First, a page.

The Earth’s mantle is comprised of rock. This rock contains a variety of minerals and elements, such as silicon, magnesium, oxygen, aluminum and iron. The mantle is situated between the crust and the core.
Basic Facts About the Earth’s Mantle
The thickness of the mantle spans about 1,802 miles and it comprises approximately 84 percent of the planet’s total volume. The early mantle was mostly made up of a molten material. This was approximately 4.5 billion years ago when the planet was starting to take shape. It was not long before nickel and iron quickly separated from the other minerals and rocks to make up the core of the new planet.
The Temperature of the Mantle
This portion of the Earth is extremely hot. Close to the core, the mantle can reach temperatures as high as 4,000 degrees Fahrenheit. When you get closer to the crust, the temperatures are still quite hot, reaching approximately 1,600 degrees Fahrenheit. While the mantle is solid, the extreme temperatures cause the mantle to slowly move below the crust of the planet.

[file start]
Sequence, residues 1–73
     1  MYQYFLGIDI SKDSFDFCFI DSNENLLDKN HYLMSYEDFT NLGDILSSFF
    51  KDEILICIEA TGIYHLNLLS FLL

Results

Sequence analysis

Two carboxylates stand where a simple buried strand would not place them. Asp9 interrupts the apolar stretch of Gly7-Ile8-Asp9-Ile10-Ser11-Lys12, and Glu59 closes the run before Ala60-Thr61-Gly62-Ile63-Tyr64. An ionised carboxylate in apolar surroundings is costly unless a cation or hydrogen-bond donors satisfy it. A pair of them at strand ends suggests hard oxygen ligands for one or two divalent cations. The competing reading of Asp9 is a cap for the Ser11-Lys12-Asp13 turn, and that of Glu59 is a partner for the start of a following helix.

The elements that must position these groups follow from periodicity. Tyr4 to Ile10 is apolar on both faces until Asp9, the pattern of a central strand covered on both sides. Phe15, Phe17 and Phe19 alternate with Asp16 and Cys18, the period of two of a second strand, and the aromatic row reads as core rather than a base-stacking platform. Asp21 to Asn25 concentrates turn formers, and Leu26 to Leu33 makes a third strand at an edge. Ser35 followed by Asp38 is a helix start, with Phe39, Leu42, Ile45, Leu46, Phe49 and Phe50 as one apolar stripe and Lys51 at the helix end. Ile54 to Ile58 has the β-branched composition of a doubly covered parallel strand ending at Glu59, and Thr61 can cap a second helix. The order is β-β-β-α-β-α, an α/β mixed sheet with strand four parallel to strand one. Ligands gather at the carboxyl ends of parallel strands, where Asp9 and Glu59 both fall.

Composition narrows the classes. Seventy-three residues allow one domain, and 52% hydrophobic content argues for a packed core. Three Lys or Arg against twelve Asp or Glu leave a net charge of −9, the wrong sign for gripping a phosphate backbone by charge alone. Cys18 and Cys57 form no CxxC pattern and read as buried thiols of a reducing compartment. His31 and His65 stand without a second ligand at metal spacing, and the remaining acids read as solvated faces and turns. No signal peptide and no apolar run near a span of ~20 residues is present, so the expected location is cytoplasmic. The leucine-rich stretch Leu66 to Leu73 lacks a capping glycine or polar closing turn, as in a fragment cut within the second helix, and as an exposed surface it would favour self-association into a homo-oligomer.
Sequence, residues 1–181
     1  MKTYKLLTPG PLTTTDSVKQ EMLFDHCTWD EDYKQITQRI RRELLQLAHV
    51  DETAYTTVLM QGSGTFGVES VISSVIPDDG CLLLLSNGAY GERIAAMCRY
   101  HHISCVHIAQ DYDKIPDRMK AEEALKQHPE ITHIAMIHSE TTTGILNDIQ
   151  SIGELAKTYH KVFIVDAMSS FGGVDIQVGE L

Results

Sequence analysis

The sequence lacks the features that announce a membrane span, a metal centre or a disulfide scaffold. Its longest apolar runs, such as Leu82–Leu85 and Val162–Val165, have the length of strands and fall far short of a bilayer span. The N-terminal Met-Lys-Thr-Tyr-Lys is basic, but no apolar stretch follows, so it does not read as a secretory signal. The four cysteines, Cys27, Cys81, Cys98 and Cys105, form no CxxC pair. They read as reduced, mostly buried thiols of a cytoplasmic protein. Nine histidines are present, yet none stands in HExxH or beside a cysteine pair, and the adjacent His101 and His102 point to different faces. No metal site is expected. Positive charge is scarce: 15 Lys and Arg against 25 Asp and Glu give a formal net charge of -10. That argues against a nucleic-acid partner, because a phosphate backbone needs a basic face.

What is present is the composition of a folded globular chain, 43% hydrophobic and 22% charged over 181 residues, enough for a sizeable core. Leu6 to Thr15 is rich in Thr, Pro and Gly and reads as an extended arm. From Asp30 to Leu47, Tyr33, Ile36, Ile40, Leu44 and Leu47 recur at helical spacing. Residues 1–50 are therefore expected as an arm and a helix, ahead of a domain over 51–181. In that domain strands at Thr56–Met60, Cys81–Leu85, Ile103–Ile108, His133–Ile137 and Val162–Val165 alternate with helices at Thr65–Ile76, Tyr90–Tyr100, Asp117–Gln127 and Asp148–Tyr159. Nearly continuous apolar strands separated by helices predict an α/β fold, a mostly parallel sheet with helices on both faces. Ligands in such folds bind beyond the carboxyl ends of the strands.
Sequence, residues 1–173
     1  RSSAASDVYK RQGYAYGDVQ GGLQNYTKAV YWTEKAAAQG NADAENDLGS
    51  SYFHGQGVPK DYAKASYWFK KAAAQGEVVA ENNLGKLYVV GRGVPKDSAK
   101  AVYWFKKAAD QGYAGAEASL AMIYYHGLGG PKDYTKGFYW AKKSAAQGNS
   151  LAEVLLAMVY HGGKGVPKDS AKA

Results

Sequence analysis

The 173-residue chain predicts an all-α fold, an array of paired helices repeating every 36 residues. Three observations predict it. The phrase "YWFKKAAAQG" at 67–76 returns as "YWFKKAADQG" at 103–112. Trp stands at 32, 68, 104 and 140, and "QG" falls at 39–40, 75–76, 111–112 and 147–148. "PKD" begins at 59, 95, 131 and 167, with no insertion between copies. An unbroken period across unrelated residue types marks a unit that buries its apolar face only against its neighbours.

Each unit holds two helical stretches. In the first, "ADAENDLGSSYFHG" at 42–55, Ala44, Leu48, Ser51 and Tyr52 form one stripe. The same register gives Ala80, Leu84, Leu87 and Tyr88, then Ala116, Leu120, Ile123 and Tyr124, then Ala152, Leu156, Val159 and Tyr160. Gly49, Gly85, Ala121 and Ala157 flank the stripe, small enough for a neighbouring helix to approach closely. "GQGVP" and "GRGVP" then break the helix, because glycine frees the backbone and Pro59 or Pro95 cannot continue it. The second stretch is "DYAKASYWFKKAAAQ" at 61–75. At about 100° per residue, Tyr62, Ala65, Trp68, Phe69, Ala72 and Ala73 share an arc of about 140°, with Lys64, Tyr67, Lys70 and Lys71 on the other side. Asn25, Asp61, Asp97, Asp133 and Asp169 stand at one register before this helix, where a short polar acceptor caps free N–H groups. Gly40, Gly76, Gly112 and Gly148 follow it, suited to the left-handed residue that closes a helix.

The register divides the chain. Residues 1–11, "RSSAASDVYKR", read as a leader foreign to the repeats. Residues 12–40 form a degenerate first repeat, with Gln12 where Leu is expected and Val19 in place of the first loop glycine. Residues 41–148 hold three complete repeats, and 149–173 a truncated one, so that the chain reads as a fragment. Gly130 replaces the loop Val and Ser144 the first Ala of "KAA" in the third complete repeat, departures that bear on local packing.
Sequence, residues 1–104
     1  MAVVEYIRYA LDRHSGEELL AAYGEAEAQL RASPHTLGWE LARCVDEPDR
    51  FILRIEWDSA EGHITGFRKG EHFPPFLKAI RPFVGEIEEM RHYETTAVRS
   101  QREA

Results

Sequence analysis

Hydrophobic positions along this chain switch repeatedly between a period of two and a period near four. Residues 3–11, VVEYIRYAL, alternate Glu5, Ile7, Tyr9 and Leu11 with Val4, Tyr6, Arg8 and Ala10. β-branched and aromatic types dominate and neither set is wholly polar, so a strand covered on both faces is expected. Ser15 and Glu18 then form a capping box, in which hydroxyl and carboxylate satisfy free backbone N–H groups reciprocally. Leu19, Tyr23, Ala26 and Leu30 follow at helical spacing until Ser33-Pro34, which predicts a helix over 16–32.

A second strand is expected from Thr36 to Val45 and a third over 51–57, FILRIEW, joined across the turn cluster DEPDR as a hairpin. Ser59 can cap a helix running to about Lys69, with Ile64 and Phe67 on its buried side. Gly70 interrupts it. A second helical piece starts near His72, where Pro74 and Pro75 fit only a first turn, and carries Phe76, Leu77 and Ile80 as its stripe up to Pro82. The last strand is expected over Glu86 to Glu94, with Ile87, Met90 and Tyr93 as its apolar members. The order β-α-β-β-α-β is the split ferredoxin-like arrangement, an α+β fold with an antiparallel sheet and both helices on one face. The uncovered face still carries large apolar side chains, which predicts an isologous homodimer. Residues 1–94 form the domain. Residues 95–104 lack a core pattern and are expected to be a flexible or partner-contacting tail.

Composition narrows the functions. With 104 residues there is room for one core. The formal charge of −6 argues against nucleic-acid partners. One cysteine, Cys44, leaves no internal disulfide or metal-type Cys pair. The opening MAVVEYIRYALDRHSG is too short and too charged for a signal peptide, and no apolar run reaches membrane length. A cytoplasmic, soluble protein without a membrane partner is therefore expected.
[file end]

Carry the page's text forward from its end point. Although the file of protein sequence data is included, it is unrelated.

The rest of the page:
New Discoveries Within the Earth’s Mantle
There is a transition zone within the mantle and scientists have long believed that this area could contain some water. The transition zone is situated 255 to 410 miles between the upper and lower levels of the mantle. It is thought that rare minerals have trapped water, but until recently, this was a theory that remained unproven.
Scientists have conducted experiments that show them some melting of the downward-flowing mantle material. They say that since this melting is happening, water has to be present in this zone.
You might remember some of this information about the Earth’s mantle from your science classes. This part of the planet is largely the bulk of the Earth’s interior, making up the majority of the planet’s total volume.